The etymological journey of the term apostle begins in the Greek language (apóstolos) and continues in Latin (apostŏlus) before reaching our language. The disciples who followed Jesus and were in charge of preaching his message are called apostles.
The apostles were twelve: John, Saint James the Less, Saint James the Greater, Matthew (also known as Levi), Andrew, Simon, Bartholomew (called in some cases Nathanael of Cana), Simon the Canaanite, Judas Tadeo, Tomás (or Dídimo), Felipe de Betsaida and Judas Iscariote. They were all chosen by Jesus, whom they knew personally and for whom they gave their lives. The traitor Judas Iscariote was later replaced by Matías, selected by lottery.
It must be established that all those apostles were from Galilee, with the exception of Judas Iscariot. There are various theories regarding its provenance. Thus, there are those who state that he was from Judea and then there are those who say that he was from Issachar.
Other interesting facts that not everyone knows is that, after the resurrection of Jesus Christ, Judas committed suicide. From that moment, the rest of the apostles met to find him a substitute and the chosen one was none other than the mentioned Matthias.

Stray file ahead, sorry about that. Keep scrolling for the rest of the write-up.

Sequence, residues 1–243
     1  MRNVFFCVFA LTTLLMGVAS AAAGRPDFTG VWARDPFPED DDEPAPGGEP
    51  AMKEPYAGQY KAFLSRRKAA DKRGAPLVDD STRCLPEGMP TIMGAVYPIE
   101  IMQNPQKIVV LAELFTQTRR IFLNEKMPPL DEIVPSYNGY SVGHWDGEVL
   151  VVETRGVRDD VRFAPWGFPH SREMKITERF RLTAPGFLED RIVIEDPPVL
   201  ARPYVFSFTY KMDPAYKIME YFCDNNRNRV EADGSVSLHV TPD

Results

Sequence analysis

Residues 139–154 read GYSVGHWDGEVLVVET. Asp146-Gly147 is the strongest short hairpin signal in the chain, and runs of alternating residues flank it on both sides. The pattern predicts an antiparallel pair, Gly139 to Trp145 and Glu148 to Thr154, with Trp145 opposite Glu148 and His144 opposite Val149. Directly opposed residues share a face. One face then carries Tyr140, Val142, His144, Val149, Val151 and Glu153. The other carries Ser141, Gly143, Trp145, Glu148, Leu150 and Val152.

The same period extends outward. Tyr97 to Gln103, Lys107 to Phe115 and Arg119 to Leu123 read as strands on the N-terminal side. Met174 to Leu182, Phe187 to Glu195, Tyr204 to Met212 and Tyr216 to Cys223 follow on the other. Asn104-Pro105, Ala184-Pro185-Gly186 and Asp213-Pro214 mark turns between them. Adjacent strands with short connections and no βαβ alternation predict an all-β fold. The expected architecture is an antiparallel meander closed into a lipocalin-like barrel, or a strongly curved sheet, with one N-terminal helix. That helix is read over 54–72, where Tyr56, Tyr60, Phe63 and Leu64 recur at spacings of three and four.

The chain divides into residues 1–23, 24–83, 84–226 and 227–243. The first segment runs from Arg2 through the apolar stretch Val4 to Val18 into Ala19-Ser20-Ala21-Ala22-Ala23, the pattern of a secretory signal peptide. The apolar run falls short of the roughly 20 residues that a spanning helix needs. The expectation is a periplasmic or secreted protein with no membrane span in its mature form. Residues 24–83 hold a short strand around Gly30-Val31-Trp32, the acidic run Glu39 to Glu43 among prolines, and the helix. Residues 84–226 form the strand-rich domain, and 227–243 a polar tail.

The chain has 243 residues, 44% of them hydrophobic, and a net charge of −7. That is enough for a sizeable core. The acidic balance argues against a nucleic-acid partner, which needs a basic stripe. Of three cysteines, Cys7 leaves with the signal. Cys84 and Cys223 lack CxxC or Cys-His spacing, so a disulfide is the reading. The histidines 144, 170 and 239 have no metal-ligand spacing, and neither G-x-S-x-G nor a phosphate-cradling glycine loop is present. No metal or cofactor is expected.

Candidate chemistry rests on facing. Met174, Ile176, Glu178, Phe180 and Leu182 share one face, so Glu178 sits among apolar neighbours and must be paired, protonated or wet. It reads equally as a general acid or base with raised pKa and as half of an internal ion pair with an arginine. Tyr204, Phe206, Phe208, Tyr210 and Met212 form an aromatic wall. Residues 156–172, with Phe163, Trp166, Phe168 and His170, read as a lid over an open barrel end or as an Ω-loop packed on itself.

Beyond that belief held by the Roman Catholic Church Apostolic, some religious groups considered apostles Barnabas, Silas, Paul of Tarsus, Timothy and other people who spread the word of Jesus. There are also groups that believe that today’s preachers are apostles.
Currently one of the apostles with the most “faithful” or followers is Saint James the Greater, known as the Apostle Saint James. In the Galician city of Santiago de Compostela is its temple, the Cathedral, where thousands of people come to pray to it year after year. Many of these are pilgrims who have made the famous Camino de Santiago, which ends in the aforementioned religious construction where the remains of it are considered to rest. Exactly they rest in the crypt.
It is a fundamentally religious pilgrimage of medieval origin that has the particularity of being the oldest of those that remain on the European continent.
From these notions, the individual who is responsible for spreading certain ideas or doctrines is called an apostle. For example: “The new economy minister is an apostle of neoliberalism”, “The apostles of socialism have done a lot of harm to this country”, “Five years ago I decided to be an apostle of the environmental movement”.
Precisely because of that meaning that is also given to the term apostle, we find the fact that it is established that Mahatma Gandhi, for example, is considered “the apostle of non-violence”. In the same way, it is determined that José Martí is the “apostle of independence”.
Apostles, finally, is the name of a department and a city in the Argentine province of Misiones. The area is considered the Capital of Yerba Mate as its territory is home to many plantations of this species that are used for the preparation of mate, mate cocido and tereré.